• What is capital gains tax?

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    Warning:

    This information may not apply to the current year. Check the content carefully to ensure it is applicable to your circumstances.

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    Capital gains tax is the tax you pay on any capital gain you make and include on your annual income tax return. There is no separate tax on capital gains, it is merely a component of your income tax. You are taxed on your net capital gain at your marginal tax rate.

    Your net capital gain is:

    your total capital gains for the year

    minus

    your total capital losses (including any net capital losses from previous years)

    minus

    any CGT discount and CGT small business concessions to which you are entitled.

    You may make a capital gain from most CGT events, if your capital proceeds are greater than your cost base-for example, if you received more for an asset than you paid for it. You make a capital loss if your reduced cost base is greater than your capital proceeds. You can also make a capital gain if a managed fund or other trust distributes a capital gain to you.

    Note-New terms

    We may have used some terms that are not familiar to you. These words are explained in Explanation of terms.

    While we have sometimes used the word 'bought' rather than 'acquired', you may have acquired an asset without paying for it (for example, as a gift or through an inheritance). Similarly, we refer to 'selling' an asset when you may have 'disposed' of it in some other way (for example, by giving it away or transferring it to someone else). For the purposes of this guide, all of these 'acquisitions' and 'disposals' are CGT events.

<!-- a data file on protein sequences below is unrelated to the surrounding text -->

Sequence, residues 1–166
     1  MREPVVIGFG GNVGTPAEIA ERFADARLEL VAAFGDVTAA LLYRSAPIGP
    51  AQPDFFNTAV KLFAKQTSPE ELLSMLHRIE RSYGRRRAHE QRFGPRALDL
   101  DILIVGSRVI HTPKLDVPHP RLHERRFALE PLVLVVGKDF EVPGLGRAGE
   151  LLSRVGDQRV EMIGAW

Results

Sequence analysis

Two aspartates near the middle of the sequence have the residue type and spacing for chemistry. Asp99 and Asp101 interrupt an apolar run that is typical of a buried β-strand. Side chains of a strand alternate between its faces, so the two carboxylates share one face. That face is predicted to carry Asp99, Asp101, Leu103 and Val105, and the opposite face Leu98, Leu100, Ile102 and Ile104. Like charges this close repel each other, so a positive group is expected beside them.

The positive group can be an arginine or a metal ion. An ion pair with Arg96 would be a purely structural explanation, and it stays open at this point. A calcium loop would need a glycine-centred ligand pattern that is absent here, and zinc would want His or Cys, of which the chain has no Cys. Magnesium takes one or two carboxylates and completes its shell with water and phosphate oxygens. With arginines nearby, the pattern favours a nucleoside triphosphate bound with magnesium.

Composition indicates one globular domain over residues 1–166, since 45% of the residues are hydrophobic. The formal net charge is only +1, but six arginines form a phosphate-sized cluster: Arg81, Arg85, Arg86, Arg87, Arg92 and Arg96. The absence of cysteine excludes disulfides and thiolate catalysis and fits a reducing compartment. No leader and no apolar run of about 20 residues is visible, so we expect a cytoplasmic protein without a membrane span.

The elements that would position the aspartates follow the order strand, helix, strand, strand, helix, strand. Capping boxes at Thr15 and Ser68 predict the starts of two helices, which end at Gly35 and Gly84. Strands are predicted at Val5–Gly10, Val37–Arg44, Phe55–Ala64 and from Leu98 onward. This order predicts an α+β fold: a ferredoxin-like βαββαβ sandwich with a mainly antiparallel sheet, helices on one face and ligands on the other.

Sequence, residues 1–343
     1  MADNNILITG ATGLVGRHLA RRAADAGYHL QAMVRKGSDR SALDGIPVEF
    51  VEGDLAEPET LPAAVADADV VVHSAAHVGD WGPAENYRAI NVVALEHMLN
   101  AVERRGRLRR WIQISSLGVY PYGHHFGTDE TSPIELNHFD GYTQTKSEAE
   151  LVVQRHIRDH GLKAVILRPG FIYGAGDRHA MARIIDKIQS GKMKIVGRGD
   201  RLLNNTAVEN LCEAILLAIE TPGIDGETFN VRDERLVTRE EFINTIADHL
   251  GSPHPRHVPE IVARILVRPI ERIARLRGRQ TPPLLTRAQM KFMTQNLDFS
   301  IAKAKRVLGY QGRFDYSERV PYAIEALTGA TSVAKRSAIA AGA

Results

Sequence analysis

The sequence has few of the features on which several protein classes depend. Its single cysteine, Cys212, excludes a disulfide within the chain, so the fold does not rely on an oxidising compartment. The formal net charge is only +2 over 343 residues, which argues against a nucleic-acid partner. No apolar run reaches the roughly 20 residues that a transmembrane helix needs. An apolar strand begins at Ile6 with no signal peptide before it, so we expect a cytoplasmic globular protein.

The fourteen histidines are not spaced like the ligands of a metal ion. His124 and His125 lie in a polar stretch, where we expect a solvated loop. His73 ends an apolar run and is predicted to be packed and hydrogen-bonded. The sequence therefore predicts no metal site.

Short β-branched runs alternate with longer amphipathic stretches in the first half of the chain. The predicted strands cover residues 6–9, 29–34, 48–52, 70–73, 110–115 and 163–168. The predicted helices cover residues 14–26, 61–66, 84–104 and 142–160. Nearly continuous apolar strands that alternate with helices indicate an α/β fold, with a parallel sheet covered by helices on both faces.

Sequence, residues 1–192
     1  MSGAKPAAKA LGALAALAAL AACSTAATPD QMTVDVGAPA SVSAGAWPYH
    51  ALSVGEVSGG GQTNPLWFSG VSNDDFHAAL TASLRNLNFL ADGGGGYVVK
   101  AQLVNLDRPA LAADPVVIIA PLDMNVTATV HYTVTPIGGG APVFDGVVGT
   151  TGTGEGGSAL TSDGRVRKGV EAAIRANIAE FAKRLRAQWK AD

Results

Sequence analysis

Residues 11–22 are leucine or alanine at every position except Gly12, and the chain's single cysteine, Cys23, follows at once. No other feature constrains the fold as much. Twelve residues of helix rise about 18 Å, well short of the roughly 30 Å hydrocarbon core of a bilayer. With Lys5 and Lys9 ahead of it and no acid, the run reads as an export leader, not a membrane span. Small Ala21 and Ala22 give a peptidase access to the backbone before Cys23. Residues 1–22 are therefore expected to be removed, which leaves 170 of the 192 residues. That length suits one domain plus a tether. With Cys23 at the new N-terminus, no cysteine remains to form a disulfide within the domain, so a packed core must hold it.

Generally, you can disregard any capital gain or capital loss you make on an asset you acquired before 20 September 1985 (pre-CGT). For details of some other exemptions, see Exemptions and roll-overs.

    There are special rules that apply when working out gains and losses from depreciating assets. To the extent that a depreciating asset is used for a taxable purpose (for example, in a business) any gain is treated as ordinary income and losses as deductions. A capital gain or capital loss may arise only to the extent that a depreciating asset has been used for a non-taxable purpose (for example, used privately). For details on the CGT treatment of depreciating assets, see CGT and depreciating assets.

    If you are completing your entity's tax return, capital gains are shown at the following items:

    • item 7Company tax return 2002
    • item 18Trust tax return 2002 or
    • item 9Fund income tax and regulatory return 2002.

    If you are an individual, you show your total current year capital gains at H item 17 on your tax return.

    You show your net capital gain at A item 17 on your tax return.

    To work out whether you have to pay tax on your capital gains, you need to know:

    • whether a CGT event has happened (this is the question asked at G item 17 on your tax return)
    • the time of the CGT event
    • how to calculate the capital gain or capital loss
    • whether there is any exemption or roll-over that allows you to reduce or disregard the capital gain or capital loss
    • how to apply any capital losses
    • whether the CGT discount applies
    • whether you are entitled to any of the CGT concessions for small business.
    Last modified: 06 Oct 2009QC 27417